The city of Lothlorien was never done justice n the movie! Even so, it was inspiring enough to trigger this project!
There are a number of pictures such as this in the
galleries on the extended edition DVD. This article
will show in detail how to build a structure similar
to the one on the bottom left corner of the picture.
After building the Mallorn Tree in the Mallorn Tree Construction Article it is time to start building some structures to put on it. There are a huge number of variations in structures that were built for the movie. The best place to go for reference pictures is the Lothlorien miniature gallery on the extended edition of the Fellowship DVD.
One of the most common, interesting, and simple to build is the angled roof style structure. It is the type that is pictured to the right, in the bottom left corner of the picture. These buildings typically have an awning and an entrance that protrudes from the side of the structure. That is the style of structure that we build in this article.
Just as a note, this project is definitely one for the veteran terrain builder. It isn't that the concepts are difficult to grasp, or that the methods are hard to implement. It is purely because it is a huge project that will take a long time to complete. That is, after putting in hours and hours of work you won't have anything to show for it. As such, motivation becomes and issue. Seriously, it took me six months to finish this project in its entirety and I did cut corners here and there to even get it done within that time frame! That being said, this project can be scaled down to a smaller tree with fewer buildings!
Finally, this article is not a step by step guide on how to build a single style of structure. It is a general description of how these things are made. It is up to the reader to decide on the details of the project, while using this article as a reference. As such, I provide no templates or exact measurements.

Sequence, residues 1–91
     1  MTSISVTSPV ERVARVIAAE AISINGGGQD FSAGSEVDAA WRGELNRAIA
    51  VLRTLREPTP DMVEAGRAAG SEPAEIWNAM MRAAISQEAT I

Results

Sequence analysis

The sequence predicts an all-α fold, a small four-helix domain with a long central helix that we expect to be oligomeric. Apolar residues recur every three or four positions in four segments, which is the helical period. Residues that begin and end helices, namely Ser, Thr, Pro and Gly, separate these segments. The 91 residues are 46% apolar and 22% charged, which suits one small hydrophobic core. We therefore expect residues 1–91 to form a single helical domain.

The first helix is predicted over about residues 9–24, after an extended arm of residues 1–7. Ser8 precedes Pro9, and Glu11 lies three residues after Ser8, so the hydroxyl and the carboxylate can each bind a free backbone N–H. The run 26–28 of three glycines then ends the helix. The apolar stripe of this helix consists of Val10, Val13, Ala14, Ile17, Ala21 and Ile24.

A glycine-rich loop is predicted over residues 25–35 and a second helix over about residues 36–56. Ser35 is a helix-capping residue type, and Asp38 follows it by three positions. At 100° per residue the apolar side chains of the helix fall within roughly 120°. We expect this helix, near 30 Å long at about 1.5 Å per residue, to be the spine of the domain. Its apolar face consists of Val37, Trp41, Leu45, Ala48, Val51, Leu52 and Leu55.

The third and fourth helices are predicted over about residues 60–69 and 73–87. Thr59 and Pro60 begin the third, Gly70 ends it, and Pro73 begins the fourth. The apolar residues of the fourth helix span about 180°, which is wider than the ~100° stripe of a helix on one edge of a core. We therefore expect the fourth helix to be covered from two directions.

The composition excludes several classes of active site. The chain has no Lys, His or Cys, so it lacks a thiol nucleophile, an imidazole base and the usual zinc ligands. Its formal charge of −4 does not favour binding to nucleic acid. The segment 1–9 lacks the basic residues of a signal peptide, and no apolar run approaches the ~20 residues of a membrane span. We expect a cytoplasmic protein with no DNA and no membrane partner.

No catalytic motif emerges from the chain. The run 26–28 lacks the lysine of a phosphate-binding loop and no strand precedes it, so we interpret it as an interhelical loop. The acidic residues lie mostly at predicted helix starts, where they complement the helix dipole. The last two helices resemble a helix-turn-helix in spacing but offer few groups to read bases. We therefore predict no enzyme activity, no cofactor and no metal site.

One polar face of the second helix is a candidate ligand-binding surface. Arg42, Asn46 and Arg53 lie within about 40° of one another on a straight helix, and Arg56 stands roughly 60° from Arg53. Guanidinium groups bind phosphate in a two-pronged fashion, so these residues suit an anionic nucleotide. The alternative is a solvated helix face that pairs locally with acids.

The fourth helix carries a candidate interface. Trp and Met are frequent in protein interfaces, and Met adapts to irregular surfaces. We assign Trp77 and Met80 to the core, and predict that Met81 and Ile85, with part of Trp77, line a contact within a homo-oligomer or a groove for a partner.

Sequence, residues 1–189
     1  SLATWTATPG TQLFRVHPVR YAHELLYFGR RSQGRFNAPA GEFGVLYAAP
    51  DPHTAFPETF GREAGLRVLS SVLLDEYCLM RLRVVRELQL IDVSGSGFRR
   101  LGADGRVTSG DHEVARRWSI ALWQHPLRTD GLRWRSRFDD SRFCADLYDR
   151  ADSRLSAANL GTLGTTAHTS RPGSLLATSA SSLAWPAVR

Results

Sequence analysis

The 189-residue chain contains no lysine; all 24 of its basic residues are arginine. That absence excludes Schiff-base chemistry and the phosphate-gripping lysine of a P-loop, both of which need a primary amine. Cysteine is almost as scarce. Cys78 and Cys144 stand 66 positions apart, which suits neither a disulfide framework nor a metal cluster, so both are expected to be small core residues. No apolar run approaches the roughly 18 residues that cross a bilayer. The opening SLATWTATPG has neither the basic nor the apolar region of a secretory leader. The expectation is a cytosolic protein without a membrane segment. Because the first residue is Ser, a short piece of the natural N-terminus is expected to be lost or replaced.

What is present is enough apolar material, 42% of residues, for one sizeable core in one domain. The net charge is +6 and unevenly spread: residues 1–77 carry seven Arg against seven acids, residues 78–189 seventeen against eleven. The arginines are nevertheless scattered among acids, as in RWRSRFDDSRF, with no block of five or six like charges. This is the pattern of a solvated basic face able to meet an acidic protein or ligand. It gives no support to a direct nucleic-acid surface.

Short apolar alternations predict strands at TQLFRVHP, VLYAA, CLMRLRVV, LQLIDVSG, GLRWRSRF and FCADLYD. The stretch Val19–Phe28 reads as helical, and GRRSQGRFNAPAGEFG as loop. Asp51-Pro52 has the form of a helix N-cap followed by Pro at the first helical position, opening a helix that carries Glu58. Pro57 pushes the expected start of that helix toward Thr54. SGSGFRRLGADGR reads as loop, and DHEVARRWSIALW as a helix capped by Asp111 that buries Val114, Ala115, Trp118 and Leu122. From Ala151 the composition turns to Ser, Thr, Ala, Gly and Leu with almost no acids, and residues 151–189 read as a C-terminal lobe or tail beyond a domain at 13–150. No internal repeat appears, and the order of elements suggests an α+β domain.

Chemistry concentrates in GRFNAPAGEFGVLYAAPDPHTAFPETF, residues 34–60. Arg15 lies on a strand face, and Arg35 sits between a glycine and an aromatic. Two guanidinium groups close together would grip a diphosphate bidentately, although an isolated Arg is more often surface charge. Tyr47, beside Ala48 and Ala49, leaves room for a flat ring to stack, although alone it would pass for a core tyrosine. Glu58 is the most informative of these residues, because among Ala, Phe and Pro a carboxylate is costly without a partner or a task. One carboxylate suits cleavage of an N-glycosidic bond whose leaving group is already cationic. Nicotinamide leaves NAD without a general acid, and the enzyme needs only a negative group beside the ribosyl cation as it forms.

Plenty of thin card (Thick Construction Paper)
More thin Card ( 1 - 2mm )
All Purpose White Glue
The first thing to do is define the size, shape, and style of the floor. The whole structure will be built around the floor. To build the floor all you have to do is cut a rectangle out of MDF board. It adds an aesthetic appeal if you curve the short ends of the rectangle, which are the openings of the structure. These floors will vary in size depending on the size of the structure, but all of mine are about 11cm long and 6cm wide.
One thing to watch out for here is the size. It is very easy to cut one that is too large. I myself have two complete elven structures that were simply too large for the tree and so never made it through to the finished product! The reason for this is because the roof itself extends far beyond the edges of the floor, and so, although the floor may fit the context of the tree, when the structure is finished you may notice that it is too large... And that is the worst. To finish the structure and find out it is too big!
Once the base is cut, it is time to define the shape of the roof. I do this by drawing one half of the roof on a piece of thin card. I only draw half because I can't for the life of me draw two identical curves. So, I draw half of the roof and use that as a template to trace an entire roof.
Using the half of the roof that I drew, I trace one complete side of the roof. Then repeat and you have all the roof pieces you need and they are perfectly symmetric!
Once you have the two sides of the roof traced, cut them out and grab that masking tape. This part of the process will make sure that we get the curved parts of the roof just right. That is the one key to Lothlorien terrain: the curves. It is also the one bane to terrain builders like me who much prefer straight walls with hard edges... I guess I am human, and humans like geometry. Maybe if I was an elf my life would have been easier... but I digress...
The pieces are cut and ready to be put together. Get your masking tape ready!